HomeInsightsCommittees of Advertising Practice publish quick guide to comparative advertising

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CAP sets out four key things to think about before running a comparative ad:

  1. What claim is being made?

This should be thought about carefully. CAP says that if the claim is ambiguous advertisers risk misleading consumers. When making an objective claim advertisers should, as always, make sure they hold documentary evidence to support it before running the ad.

Unless it is obviously “puffery”, the ASA is likely to regard superiority and top parity claims as objective. Superiority claims are those that claim to be better than competitors, such as “No 1” or “market leading”, whereas top parity claims are those that state that an advertiser is one of the best, for example, “just as strong as any other”. Depending on the context, describing a product as the “best” could potentially be regarded as subjective. However, the ASA has previously upheld “best” claims where it considered that, in context, they would be understood as objective.

  1. Is it a comparison with an identifiable competitor?

Comparisons with identifiable competitors are subject to specific rules (CAP Code rules 3.33 to 3.37). Advertisers do not need to explicitly name the competitor or product being compared with to be subject to the rules on comparisons with “identifiable” competitors. Whether a competitor or its products are identifiable will obviously depend on the ad, claims, audience, context and nature of the market in which the advertiser operates.

As an example, “leading” claims are, by their nature, likely to be seen as a comparison with all competitors, which will mean they are likely to be identifiable, as are claims like “UK’s most effective” and “UK’s cheapest”.

  • Are the right things being compared?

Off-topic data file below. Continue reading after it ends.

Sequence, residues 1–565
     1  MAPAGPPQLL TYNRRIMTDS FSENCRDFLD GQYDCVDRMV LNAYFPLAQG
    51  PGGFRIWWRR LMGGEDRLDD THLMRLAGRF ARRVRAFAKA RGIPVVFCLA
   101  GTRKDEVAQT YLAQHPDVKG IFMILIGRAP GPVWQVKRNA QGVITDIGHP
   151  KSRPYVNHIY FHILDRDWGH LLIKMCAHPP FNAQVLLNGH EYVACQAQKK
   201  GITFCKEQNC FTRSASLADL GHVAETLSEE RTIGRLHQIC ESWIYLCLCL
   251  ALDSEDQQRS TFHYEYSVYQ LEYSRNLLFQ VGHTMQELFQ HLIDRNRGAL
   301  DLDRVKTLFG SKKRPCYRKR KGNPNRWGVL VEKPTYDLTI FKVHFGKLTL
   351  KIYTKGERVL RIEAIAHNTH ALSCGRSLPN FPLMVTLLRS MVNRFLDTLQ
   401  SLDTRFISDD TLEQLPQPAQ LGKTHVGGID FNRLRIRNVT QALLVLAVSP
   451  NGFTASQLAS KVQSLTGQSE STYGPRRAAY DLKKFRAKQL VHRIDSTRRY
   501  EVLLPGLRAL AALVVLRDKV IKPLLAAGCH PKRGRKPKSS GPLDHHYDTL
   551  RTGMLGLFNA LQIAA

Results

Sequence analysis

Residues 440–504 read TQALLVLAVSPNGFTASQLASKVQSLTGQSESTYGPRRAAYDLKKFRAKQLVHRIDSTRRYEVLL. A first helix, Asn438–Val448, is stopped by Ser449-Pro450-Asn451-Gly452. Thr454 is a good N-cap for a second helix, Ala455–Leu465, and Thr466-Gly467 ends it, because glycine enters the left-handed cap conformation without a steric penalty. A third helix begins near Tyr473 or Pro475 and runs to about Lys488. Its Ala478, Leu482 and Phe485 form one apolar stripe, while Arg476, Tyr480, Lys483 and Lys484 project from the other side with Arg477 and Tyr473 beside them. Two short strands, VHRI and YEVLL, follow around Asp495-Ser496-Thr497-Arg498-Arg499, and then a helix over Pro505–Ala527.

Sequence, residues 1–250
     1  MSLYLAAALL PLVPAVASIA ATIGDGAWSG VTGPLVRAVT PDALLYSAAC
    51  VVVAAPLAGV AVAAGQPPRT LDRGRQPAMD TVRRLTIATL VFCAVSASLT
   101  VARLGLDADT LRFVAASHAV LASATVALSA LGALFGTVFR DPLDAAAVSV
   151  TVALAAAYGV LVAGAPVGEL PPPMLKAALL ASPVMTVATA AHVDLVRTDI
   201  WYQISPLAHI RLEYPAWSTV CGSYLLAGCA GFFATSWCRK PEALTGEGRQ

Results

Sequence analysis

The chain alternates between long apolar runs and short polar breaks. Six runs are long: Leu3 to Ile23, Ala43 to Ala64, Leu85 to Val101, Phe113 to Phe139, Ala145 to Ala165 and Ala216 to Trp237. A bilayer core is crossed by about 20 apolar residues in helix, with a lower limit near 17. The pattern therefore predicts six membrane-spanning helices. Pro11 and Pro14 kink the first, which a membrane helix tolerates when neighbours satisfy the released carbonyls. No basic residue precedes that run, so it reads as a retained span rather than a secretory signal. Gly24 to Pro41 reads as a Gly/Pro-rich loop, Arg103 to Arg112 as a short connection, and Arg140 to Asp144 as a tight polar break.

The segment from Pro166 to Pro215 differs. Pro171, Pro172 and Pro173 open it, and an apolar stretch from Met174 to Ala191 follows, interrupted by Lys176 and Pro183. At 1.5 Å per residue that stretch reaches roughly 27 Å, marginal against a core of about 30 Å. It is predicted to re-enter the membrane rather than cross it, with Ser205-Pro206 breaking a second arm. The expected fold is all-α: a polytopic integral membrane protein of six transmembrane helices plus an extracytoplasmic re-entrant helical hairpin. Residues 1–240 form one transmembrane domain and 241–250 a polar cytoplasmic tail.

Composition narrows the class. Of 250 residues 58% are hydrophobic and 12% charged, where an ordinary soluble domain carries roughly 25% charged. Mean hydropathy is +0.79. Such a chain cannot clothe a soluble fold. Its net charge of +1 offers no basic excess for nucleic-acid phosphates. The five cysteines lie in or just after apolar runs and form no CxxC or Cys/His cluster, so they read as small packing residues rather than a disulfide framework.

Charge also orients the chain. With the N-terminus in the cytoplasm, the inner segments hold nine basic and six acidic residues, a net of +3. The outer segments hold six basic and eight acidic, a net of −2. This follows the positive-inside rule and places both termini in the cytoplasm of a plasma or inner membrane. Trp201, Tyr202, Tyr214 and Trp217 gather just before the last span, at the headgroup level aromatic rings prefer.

Comparisons with identifiable competitors must compare products meeting the same need or intended for the same purpose (CAP Code rule 3.34).

Essentially, the products being compared must display a sufficient degree of interchangeability for consumers. Examples of products that it could potentially be acceptable to compare under this rule include: branded and non-branded versions of the same underlying product or organic and non-organic produce. However, advertisers must always ensure that the basis of the claim is clear and that the ad is not likely to mislead consumers materially.

  1. Is the comparison verifiable?

Comparisons with identifiable competitors must objectively compare one or more material, relevant, verifiable and representative feature of those products, which may include price (CAP Code rule 3.35). A competitor does not need to be named to be identifiable, and the ASA has ruled against ads that did not include verifiability information where a competitor was not explicitly named.

For the comparison to be considered verifiable, advertisers must include enough information in the ad to enable consumers to fully understand and check the accuracy of comparative claims. In order to ensure that this is the case, an ad should include, for example, information about what the comparative claim is based on and (in some cases) a signpost to where consumers can find this information.

To access the guide and for further information, click here.